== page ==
New research has found that animal pests such as possums and deer may be helping to spread wilding pines through the country.
Unwanted conifers have been spreading out of control through large parts of the landscape, including the Marlborough Sounds, the South Island high country and central North Island.
They have now invaded more than 1.5 million hectares of land.
Landcare Research scientists have discovered a possible link between the conifer invasion and wild animals, which feed on fungi essential to trees' growth.
Jamie Wood, who led the study, said they had found deer and possums were spreading the fungi in their droppings.
"It's quite a complex set of interactions going on, basically what you have on the roots of these invasive pines are what's called ectomycorrhizal fungi and basically the trees need them to get enough nutrients from the soil, so the trees can survive with out the fungi but they don't do very well at all, they'll just sit there not really growing and looking quite sickly, so they really need the fungi to survive.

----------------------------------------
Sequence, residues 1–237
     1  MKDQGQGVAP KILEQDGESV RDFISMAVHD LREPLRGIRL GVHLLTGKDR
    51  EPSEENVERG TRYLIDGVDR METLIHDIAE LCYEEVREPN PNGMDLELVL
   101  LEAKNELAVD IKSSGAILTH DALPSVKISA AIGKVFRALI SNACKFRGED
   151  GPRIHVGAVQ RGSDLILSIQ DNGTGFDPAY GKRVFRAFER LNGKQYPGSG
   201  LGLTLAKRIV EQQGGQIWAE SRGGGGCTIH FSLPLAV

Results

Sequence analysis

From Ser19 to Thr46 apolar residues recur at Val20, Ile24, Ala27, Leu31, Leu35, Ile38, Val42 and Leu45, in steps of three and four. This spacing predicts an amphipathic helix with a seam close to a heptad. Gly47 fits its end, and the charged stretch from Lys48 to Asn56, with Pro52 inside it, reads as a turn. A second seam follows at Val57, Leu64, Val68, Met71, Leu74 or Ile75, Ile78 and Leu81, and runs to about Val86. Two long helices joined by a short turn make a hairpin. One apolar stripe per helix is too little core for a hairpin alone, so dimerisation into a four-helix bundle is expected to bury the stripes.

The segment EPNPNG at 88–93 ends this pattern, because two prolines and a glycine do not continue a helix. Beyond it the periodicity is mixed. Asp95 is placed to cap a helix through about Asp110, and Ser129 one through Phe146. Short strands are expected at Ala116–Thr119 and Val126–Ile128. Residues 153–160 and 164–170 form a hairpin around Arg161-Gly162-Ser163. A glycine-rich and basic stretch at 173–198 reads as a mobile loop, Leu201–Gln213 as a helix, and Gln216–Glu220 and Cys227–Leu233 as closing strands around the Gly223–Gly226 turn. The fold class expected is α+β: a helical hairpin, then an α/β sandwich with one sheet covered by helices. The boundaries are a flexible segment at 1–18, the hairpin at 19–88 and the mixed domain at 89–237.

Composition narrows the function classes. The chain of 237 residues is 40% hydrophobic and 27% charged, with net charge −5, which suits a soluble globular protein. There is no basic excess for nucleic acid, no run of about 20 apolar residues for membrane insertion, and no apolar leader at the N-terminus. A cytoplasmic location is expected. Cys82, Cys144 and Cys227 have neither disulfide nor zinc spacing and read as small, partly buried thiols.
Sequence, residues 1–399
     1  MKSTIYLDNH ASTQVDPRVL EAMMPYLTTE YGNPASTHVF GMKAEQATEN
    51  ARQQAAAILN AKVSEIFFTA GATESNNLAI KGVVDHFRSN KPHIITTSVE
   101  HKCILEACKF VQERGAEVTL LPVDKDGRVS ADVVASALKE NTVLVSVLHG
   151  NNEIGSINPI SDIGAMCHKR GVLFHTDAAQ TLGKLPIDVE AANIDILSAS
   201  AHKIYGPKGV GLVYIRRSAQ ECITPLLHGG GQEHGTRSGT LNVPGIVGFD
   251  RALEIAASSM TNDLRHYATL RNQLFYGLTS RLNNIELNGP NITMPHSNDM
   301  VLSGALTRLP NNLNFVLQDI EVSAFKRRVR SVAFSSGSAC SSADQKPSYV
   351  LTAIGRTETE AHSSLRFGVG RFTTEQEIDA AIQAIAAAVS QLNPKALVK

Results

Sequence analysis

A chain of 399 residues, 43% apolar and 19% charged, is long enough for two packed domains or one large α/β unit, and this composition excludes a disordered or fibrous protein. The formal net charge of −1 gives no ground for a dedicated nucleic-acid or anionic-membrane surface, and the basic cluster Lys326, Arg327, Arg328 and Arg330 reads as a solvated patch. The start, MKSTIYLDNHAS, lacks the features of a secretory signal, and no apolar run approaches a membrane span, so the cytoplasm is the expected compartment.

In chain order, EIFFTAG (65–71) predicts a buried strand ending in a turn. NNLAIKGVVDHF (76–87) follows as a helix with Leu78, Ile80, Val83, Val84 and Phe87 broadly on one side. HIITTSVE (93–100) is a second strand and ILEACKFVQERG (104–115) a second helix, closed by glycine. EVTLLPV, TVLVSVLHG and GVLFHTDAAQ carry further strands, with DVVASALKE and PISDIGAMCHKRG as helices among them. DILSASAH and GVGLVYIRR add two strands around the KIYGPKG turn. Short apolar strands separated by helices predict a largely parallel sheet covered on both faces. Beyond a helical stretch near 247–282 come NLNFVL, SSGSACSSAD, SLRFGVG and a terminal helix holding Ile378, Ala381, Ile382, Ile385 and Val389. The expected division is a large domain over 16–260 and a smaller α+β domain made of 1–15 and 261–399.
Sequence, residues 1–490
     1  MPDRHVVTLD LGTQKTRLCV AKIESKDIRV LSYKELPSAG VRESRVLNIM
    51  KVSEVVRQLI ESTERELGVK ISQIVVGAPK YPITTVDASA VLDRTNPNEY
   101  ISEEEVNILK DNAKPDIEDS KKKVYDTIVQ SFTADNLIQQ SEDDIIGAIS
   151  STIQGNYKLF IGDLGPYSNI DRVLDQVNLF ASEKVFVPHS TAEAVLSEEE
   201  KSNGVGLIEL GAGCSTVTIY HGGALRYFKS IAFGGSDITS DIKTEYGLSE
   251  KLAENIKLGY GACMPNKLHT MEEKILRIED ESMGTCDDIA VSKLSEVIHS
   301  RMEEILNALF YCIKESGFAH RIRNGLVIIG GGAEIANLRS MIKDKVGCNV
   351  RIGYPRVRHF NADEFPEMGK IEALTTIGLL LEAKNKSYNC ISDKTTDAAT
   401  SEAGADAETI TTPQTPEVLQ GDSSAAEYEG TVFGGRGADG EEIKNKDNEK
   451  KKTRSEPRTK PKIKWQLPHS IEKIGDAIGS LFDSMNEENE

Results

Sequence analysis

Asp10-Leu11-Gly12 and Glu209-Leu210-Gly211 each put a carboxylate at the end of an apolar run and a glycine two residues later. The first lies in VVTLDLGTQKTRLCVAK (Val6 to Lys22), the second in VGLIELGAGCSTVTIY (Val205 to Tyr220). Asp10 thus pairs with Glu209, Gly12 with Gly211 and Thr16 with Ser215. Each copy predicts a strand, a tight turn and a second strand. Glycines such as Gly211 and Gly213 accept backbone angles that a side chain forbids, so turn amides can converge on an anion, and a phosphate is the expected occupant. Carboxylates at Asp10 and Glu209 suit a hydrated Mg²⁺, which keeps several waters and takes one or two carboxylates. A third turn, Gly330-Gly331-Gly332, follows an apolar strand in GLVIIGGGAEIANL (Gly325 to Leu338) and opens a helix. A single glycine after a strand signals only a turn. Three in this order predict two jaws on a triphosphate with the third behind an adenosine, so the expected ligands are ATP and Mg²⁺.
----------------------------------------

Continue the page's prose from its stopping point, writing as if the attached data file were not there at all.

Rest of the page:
"So the question is, how does the fungi spread around the landscape? We looked around the world and noticed that quite a few studies had found that animals actually spread these fungi round, so we set up motion sensor cameras beside mushrooms of some of these fungi and we saw that both deer and possums were coming along and eating the mushrooms of these fungi. We then wanted to know whether the spores could be dispersed by these animals."
Dr Wood said they were able to complete the link in the laboratory by confirming that spores of the fungi in deer and possum droppings could be transferred to pine and fir seedlings.
He said the next step was to find out how commonly this occurred out in the field.